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Things to Consider When Buying Commercial Insurance

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Your business has officially gone from startup to up-and-running. You’re hiring more employees, building partnerships, and scaling to the moon. Nothing can stop you now.

That’s exactly what 75% of underinsured business owners think too. But as you scale, your risk accrues along with your revenue. One critical mistake or unforeseen disaster could end your business for good.

Why do so few businesses get adequate commercial insurance coverage? Many business owners don’t consider commercial insurance to be a priority. Others simply don’t understand the limitations of their coverage, leaving them vulnerable to liability.

As a recession looms, small businesses are going to be on the chopping block. Getting full commercial coverage may make the difference between succeeding and failing over the next few years. Here’s what to consider.

Commercial Insurance May Be Required

For many up-and-coming businesses, a lack of insurance doesn’t just put them at risk of disaster. It also puts them at risk of prosecution. In the US, state laws dictate that most businesses must have a certain degree of coverage. For example, as soon as you hire your first employee, you may be required to purchase workers’ comp insurance, unemployment insurance, and disability insurance. Even small businesses without employees may need to purchase professional liability coverage, especially if they sell services or consultations.

Every state has different coverage requirements, so it’s important to do your homework before opening up shop. You’ll also need to be diligent about coverage as you expand operations into different states.

How to Manage Coverage vs Costs

Commercial insurance can be costly, which is why so many business owners put it off. However, it’s not nearly as costly as losing your business due to a fire or a lawsuit. As a general rule, coverage should never be sacrificed to save money. If insurance costs have you sweating, there are things you can do to reduce them. Implement a few of these safety precautions to give insurers a reason to offer you a great rate:

  • Install a security system with cameras and alarms
  • Take safety measures by installing fire alarms, sprinklers, and C02 detectors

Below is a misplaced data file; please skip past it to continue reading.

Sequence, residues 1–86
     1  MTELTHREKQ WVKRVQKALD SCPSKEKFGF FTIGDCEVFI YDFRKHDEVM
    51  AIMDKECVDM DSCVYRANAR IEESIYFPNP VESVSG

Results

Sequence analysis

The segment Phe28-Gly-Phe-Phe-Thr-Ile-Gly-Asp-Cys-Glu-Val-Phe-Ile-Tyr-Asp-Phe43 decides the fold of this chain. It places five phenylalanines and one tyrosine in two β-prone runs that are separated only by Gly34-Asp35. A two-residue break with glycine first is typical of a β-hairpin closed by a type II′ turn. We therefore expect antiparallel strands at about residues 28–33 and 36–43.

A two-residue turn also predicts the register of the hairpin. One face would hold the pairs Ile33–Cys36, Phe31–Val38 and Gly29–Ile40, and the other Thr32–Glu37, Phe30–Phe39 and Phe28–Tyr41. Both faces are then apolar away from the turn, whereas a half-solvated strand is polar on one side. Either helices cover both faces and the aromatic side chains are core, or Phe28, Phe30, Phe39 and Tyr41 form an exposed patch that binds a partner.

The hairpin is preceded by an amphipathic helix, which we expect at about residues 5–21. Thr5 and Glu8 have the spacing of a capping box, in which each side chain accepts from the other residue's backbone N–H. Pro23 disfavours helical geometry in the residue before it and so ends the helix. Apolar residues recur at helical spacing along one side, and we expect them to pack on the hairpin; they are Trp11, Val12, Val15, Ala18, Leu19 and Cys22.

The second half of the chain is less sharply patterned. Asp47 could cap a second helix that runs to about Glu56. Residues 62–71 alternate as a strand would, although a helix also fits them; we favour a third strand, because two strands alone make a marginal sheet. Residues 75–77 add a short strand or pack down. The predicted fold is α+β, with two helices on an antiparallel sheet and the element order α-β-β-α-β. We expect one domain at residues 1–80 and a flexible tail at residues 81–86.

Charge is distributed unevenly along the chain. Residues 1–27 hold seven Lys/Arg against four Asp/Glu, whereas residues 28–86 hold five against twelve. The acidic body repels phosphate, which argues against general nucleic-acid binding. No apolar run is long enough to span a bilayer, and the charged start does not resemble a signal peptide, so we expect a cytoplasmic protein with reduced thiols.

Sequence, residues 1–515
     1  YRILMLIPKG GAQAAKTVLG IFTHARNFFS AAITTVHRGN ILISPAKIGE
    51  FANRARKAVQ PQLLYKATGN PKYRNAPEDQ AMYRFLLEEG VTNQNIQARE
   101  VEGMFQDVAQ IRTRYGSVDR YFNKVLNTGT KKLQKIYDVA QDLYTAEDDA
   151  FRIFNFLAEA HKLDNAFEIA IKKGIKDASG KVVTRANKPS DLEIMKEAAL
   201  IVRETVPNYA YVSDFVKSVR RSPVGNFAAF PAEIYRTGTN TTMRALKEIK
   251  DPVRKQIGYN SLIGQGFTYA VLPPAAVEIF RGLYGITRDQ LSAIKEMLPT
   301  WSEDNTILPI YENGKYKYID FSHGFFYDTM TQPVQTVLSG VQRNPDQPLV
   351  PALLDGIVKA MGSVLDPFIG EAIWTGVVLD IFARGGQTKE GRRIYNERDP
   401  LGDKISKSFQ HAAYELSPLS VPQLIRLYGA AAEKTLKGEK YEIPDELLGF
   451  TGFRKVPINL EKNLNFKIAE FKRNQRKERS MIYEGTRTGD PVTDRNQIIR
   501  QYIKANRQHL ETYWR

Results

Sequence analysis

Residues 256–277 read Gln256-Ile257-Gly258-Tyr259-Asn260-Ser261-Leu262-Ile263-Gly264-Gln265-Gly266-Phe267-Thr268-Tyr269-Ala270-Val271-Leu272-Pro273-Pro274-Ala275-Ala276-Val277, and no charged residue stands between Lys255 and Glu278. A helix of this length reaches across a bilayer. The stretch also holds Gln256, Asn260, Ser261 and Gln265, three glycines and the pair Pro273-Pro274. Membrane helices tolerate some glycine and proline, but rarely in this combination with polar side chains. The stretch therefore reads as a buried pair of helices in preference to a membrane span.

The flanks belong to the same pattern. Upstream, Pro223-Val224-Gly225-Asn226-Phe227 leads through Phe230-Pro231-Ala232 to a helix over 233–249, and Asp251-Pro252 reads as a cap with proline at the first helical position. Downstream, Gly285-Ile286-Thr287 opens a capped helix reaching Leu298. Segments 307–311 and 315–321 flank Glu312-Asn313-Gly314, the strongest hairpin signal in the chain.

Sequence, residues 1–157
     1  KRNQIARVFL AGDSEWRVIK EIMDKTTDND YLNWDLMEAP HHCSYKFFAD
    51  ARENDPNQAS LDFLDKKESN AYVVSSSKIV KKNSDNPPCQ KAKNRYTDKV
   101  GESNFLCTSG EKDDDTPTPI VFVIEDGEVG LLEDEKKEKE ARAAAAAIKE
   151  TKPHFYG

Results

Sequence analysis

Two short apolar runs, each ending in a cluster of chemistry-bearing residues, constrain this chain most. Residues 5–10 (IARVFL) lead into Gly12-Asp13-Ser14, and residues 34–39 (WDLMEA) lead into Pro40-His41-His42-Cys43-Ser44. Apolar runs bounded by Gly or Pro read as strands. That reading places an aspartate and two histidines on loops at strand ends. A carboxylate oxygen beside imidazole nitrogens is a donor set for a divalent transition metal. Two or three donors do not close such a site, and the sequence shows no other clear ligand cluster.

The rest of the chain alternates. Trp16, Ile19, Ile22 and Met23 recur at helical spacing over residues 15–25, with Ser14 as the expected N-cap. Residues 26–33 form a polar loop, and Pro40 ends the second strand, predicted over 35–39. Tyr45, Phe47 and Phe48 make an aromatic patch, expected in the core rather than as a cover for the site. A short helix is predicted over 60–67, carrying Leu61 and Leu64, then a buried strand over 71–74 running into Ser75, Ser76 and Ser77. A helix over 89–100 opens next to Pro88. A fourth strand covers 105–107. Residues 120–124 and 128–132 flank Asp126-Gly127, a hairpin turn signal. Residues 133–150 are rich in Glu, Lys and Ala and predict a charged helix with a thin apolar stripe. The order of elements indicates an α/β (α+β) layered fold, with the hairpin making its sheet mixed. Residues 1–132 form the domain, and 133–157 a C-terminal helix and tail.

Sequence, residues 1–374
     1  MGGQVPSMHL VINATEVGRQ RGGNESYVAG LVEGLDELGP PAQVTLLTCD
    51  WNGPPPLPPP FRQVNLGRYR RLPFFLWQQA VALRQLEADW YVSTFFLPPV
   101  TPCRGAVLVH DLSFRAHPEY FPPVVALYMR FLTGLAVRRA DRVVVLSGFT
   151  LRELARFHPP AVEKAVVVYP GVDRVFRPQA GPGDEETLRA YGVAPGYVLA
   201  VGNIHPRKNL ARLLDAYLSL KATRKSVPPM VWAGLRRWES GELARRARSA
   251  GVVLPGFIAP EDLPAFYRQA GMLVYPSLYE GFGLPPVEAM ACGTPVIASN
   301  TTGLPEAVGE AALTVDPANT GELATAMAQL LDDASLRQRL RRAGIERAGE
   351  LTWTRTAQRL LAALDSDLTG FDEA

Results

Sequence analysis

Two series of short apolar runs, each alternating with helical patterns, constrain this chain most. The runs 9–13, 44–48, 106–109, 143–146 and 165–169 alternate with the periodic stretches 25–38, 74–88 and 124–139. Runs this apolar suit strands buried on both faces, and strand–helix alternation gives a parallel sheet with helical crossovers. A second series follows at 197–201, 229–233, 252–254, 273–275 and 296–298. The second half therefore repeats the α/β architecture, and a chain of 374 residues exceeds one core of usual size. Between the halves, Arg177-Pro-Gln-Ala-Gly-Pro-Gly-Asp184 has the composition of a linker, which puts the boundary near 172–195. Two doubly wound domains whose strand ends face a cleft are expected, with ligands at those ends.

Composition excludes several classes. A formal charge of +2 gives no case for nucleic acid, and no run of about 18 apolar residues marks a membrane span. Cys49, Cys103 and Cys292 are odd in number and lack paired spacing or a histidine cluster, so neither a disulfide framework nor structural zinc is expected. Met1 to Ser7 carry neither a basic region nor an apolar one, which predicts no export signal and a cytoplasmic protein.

• Implement a company-wide safety policy that includes regular safety training
  • Perform regular checks and inspections

Minimizing workplace risk for your employees and assets may require some investment in the short term, but it will significantly reduce your insurance premiums. Plus, it will help you build a safer and more predictable working environment overall, which is good for business.

Understanding Gaps in Coverage

It’s easy to read the insurance paperwork and think you’re covered. But there are plenty of unknown threats out there that insurance companies won’t give you a dime for. If you purchase the bare minimum of commercial insurance, your coverage is likely full of gaps. This is because minimum coverage is designed to protect workers and customers and not your business.

Every industry has different risks, so the best way to identify potential gaps in your coverage is to speak to a professional insurance agent in your field. They can recommend expanding or minimizing your coverage based on your current size and budget. A short consultation could save your business in the long run.

Consider Alternatives

Some small business owners such as freelancers and performers may be able to save a lot of money by foregoing traditional commercial insurance for cheaper non-commercial alternatives. For example, if a professional guitar teacher has 5 guitars, it would likely be cheaper to purchase musical instrument insurance than commercial property insurance.

However, it’s important to consult with an agent before attempting to avoid commercial insurance to make sure that non-commercial insurance offers comprehensive coverage. For instance, an IT freelancer may insure their computer setup privately without knowing that they require cyber liability insurance to protect more than just their hardware.

Work From Home Coverage

In the age of work-from-home, it can be difficult for business owners to understand the extent of their coverage. For example, people who run their business from home may assume that their homeowner’s insurance will cover damage or injuries that occur during business activities. But this is not always the case.

If anyone besides yourself enters your property for business purposes, including clients, employees, partners, or delivery people, you will need to purchase business property insurance to protect you from liability.

Protect Your Business from Risk

How long can your business coast before something unexpected happens? It only takes one fall, one spill, or one faulty electrical outlet to send your profits—and potentially your business—up in smoke. Consider the factors above and get commercial insurance to protect your business before it’s too late.

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